Online retailers spur outrage over Nazi memorabilia
Walmart, Amazon and Sears came under social media fire from shoppers over the holiday weekend for selling a commemorative poster featuring a photo of one of Nazi Germany’s concentration camps.
Online shoppers were horrified to learn that an image from Dachau’s main gate was being sold as a piece of home decor. The offending item was listed on the Walmart page with the description: “Gate with inscription Arbeit Macht Frei, Dachau Concentration Camp, Dachau.” Walmart also promised that the poster “would make a great addition to your home or office.”
The slogan “Arbeit macht frei” is a sinister German expression favored by Nazis that translates to “work makes you free.”
The image shocked many and galvanized members of the Facebook group Grandchildren of Holocaust Survivors to complain.
Walmart, for its part, pulled the item and issued an apology and explanation: “We were horrified to see that this item was on our site. We sincerely apologize, and worked quickly to remove it. The item was sold through a third-party seller on our marketplace. We have shared our disappointment with them and have learned they are removing the publisher of this item entirely from inventory.”
The sign was similarly pulled from Amazon and Sears. Although Baltimore-based writer Jennifer Mendelsohn tweeted a screengrab of the Sears listing that, even more shockingly, came with a list of “similar items” to the sign, including double wall ovens.
— Jennifer Mendelsohn (@CleverTitleTK) July 6, 2014
Ovens were, of course, notoriously used to cremate the remains of thousands of slaughtered concentration camp prisoners at Dachau and elsewhere during World War II. While Sears has pulled the offending sign, it still sells more generic signs to the city of Dachau that also include ovens as “similar items” in the product lising.
“The item, which was listed by an independent third-party on Sears Marketplace, violates our guidelines and was immediately removed,” a spokesman for the company wrote in an email to Digiday.
“Regarding the placement of the Sears products at the bottom of the Web page, those are special sale items that currently appear on millions of product pages. While clearly unintentional, we sincerely apologize for the proximity of the positioning.”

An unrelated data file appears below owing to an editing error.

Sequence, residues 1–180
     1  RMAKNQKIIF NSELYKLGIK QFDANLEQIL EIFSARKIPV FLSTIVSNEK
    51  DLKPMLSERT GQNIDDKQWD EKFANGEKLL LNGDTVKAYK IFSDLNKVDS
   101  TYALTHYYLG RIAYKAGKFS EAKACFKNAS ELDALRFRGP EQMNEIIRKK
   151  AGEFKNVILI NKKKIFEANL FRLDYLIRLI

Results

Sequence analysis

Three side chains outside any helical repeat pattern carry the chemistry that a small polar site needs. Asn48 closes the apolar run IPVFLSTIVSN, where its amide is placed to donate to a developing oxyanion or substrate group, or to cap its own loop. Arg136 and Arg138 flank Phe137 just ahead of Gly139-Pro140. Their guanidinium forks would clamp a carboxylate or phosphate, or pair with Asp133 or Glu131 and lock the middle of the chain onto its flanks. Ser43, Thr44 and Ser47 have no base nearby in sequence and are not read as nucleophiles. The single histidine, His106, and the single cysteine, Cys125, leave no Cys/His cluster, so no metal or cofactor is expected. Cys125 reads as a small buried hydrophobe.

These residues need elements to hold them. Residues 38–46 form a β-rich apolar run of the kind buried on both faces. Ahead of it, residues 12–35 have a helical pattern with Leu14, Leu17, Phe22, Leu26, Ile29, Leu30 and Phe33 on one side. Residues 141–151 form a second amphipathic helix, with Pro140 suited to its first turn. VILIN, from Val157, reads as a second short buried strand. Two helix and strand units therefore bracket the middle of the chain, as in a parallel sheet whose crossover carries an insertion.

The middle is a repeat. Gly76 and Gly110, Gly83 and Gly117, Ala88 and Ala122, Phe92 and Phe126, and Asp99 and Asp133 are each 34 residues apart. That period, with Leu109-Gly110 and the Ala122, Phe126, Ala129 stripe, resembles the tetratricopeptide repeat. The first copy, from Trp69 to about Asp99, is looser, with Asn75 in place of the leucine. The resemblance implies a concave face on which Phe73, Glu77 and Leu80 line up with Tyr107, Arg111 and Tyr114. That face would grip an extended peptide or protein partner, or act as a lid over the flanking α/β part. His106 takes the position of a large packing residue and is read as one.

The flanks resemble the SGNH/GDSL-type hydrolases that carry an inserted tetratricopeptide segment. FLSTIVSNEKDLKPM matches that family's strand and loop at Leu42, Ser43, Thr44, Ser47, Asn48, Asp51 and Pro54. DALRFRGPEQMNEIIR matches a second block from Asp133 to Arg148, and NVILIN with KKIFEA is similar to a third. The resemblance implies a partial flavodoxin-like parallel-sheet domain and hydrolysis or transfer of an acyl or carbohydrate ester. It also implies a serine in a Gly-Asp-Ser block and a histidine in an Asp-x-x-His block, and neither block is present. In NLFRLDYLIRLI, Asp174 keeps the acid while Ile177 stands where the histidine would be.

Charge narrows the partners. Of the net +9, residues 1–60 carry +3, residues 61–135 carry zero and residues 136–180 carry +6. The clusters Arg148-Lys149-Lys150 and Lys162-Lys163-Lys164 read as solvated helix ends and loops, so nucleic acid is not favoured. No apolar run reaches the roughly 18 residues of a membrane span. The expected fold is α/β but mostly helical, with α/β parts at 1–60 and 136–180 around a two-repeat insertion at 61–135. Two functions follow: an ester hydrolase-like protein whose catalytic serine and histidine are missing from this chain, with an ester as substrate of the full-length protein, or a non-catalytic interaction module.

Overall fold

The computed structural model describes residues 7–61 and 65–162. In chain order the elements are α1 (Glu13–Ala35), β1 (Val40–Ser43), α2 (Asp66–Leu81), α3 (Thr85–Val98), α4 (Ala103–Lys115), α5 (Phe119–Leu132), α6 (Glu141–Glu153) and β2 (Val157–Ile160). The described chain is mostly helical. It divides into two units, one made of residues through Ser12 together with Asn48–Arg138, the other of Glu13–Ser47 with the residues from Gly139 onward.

Retailers have been forced to walk an increasingly fine line when it comes to the selling of Nazi-related paraphernalia. Last year eBay came under fierce criticism after it was revealed to be profiting from the trade in Holocaust memorabilia, including the clothes of concentration camp victims.
The online auction house pulled the items after stoking international outrage, and ultimately refined and re-articulated its policies regarding the sale of World War II and other potentially offensive memorabilia.
For its part, Amazon sells the Adolf Hitler memoir “Mein Kampf,” which is arguably a historical document. More troubling, though, is that it also allows for the sale of Holocaust denial literature like “Did Six Million Really Die? The Truth At Last.”
‘There has to be an authentic manner in which you approach our fans’: T1 CEO Joe Marsh on brand partnerships in gaming and esports
Digiday reached out to T1 CEO Joe Marsh to learn about the philosophy and strategy behind the organization’s brand partnerships.
‘Work as a set of activities, not a place’: How companies reducing the office footprint are reallocating capital
As many firms shrink their space, they are reinvesting in their tech infrastructure, in particular services that facilitate hybrid work and wellness.
‘No one’s going in blind’: Brands are bringing gaming and esports in-house
Brands like AB InBev, Nike, Adidas, Puma, Red Bull, PepsiCo, Manchester City, KFC have set up — or are setting up — specialist teams or roles for esports and gaming.
SponsoredHow the ad industry can use its borrowed time to future-proof first-party data solutions
Trent Lloyd, co-founder and head of brand solutions, Eyeota Google’s updated timeline for its Privacy Sandbox rollout, including its two-year delay of third-party cookie deprecation on Chrome, didn’t come as a surprise to many industry observers, given the limited utility of Google’s FLoC and the slow momentum of the Privacy Sandbox in the World Wide […]
‘Going viral is not a strategy’: How Hotwire is leveraging online video and TikTok to reach its younger audience
To get in front of its new Gen Z audience, Hotwire is turning toward online video, with an emphasis on TikTok.
Member ExclusiveMarketing Briefing: Ad execs and marketers say this Olympics has ‘lost its luster’
The typical global fervor for the Olympics is lacking this year, making it less of a marketing must than in years previous. More in this week's Digiday+ Marketing Briefing.